The United States labor market has undergone many changes in recent years, the most significant of which is the shift from a manufacturing-based economy to a service-based one. This change has enormously impacted the types of jobs available and the skills that workers need to succeed.
It has also resulted in the service sector’s sustainability and growth. There is a growing demand for workers in healthcare and technology, less so in manufacturing and other traditional industries.
Let’s explore the current labor market in the United States and the major changes that have impacted workers and businesses.
The Pandemic’s Effect on Labor
The COVID-19 pandemic has impacted the US labor market in many ways. In the early months of the pandemic, there was a sharp decrease in employment as businesses across the country closed their doors.
Since then, there has been gradual recovery as businesses have reopened and more people have returned to work.
But the pandemic resulted in a change in the types of jobs that are available. There has been an increase in demand for positions that involve providing care or assistance to others, such as home health aides and childcare workers.
At the same time, there has been a decrease in positions that involve close contact with customers, such as servers and bartenders. Many workers have left to explore new career paths with higher pay and better benefits than what the restaurant industry offers.
Retail Stores Are Reducing Hours
Since the pandemic, many retail stores have reduced work hours or closed altogether. Operating hours have been limited due to the labor shortage. Employees are rejecting the offer of the same exhausting shifts pre-pandemic and are not settling for such working conditions.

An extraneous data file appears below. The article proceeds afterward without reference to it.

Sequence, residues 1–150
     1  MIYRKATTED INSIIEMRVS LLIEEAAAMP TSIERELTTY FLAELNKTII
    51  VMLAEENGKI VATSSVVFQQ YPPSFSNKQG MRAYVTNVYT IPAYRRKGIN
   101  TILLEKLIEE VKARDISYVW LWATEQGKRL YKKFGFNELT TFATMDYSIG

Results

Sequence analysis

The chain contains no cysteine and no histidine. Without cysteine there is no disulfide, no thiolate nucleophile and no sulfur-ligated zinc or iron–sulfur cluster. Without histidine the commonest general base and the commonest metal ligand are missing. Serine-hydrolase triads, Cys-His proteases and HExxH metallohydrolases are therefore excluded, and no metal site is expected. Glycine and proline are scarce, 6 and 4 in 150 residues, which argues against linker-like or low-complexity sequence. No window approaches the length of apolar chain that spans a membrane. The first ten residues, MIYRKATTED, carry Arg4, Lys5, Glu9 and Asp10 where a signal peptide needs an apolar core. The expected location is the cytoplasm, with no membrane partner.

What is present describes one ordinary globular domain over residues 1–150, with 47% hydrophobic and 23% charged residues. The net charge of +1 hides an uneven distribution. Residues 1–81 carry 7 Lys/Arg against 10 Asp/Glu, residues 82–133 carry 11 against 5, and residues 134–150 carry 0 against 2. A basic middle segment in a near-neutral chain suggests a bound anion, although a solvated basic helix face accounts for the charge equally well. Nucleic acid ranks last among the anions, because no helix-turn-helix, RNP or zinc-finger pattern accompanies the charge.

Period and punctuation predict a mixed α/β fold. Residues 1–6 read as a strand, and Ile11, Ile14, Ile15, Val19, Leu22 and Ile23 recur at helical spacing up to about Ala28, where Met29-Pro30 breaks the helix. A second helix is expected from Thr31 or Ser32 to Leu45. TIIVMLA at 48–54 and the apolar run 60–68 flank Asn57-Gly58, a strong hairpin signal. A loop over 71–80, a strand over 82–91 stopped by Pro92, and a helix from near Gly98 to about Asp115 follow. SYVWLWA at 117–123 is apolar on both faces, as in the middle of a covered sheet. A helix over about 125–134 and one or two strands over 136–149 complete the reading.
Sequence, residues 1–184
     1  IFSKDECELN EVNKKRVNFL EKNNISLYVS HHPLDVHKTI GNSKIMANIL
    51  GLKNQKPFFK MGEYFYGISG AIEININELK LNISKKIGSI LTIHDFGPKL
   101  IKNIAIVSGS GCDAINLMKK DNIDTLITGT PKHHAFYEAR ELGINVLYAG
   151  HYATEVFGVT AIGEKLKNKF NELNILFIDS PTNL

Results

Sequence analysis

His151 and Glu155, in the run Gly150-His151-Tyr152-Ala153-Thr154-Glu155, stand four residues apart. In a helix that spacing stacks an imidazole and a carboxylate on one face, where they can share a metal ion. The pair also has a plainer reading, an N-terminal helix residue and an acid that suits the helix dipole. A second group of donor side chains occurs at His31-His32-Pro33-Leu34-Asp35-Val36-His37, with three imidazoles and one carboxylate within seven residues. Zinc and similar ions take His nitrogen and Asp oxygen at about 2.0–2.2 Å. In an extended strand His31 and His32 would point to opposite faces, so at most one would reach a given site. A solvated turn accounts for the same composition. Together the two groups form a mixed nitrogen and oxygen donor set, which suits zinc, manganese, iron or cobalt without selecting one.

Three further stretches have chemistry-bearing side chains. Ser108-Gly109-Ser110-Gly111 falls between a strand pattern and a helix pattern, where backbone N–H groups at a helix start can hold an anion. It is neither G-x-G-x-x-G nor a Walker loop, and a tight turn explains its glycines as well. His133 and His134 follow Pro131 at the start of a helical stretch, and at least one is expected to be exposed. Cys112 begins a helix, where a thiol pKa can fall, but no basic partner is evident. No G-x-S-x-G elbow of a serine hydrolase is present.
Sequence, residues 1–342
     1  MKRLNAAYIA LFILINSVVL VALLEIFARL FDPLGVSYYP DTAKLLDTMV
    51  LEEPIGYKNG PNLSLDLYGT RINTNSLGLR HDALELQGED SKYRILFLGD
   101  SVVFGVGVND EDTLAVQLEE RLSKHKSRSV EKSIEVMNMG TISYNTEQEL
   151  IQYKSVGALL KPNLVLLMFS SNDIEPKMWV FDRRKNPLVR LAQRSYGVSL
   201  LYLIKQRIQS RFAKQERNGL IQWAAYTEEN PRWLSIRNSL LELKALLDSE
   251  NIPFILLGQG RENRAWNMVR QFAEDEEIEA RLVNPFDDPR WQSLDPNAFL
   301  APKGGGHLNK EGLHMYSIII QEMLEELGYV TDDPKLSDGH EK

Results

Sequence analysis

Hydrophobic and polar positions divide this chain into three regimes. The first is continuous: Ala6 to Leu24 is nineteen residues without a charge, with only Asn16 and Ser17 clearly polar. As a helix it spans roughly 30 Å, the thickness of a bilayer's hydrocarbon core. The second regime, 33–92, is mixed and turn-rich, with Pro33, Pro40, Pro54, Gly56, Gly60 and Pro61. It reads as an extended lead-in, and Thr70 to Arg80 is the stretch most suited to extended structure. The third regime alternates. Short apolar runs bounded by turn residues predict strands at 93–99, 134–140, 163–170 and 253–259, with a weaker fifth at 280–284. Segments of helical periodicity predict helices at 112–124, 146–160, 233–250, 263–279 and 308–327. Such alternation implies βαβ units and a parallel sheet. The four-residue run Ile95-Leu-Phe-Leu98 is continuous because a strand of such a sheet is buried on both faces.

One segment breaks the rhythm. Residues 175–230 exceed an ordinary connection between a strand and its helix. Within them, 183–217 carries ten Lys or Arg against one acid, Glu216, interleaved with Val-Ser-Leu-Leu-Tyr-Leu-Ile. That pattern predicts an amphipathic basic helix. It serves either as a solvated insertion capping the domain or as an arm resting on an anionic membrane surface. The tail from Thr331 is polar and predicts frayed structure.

In the past two years, more people also explored other opportunities, which has seen more people leaving their jobs. Called the Great Resignation, it forced many companies to explore different ways to manage their stores or businesses with limited staff.
Restaurants Are Closing Dining Areas
Many restaurants have closed their dining areas because of the difficulty in finding wait staff to service them. The extended lockdowns and social distancing requirements made it difficult for many restaurants to offer in-dining experiences, resulting in layoffs and closures. And former employees no longer want to return to the positions they left behind.
This trend has been troubling for the restaurant industry, which is still slowly recovering from the pandemic. Finding staff is a tremendous struggle, and business owners have explored other ways to provide good customer experiences.
Minimum Wage Is Increasing
The current federal minimum wage is $7.25 per hour. However, many states have set higher rates, with some having multiple minimum wage rates (for example, one rate for workers in the retail sector and another for those in hospitality).
In 2019, the U.S. House of Representatives passed a bill to gradually increase the federal minimum wage to $15 per hour by 2025.
Since the pandemic, there has been a push by many workers in the retail and service industry to raise the minimum wage more quickly.
Business Owners Now See Automation as a Labor Solution
Many retailers and business owners are now exploring technology and automated solutions to manage scarce labor resources and high inflation. Automation opens new possibilities, so staff can focus on improving customer experience and service, instead of dealing with repetitive tasks.
Self-service kiosks and self-checkout systems are examples of a retailer’s automation strategy, and the trend of implementing such solutions is likely to continue for the foreseeable future. Business owners and retailers are also implementing solutions that automate cash handling processes within their store. Smart safes and cash recyclers negate the need for employees to manually count cash and deal with the challenges that go along with it. This frees them up to focus on more complex tasks to improve operations and enable a better shopping experience for their clients.
These are the best solutions in today’s labor market, which continues to trend toward automation, machine learning, and digitization.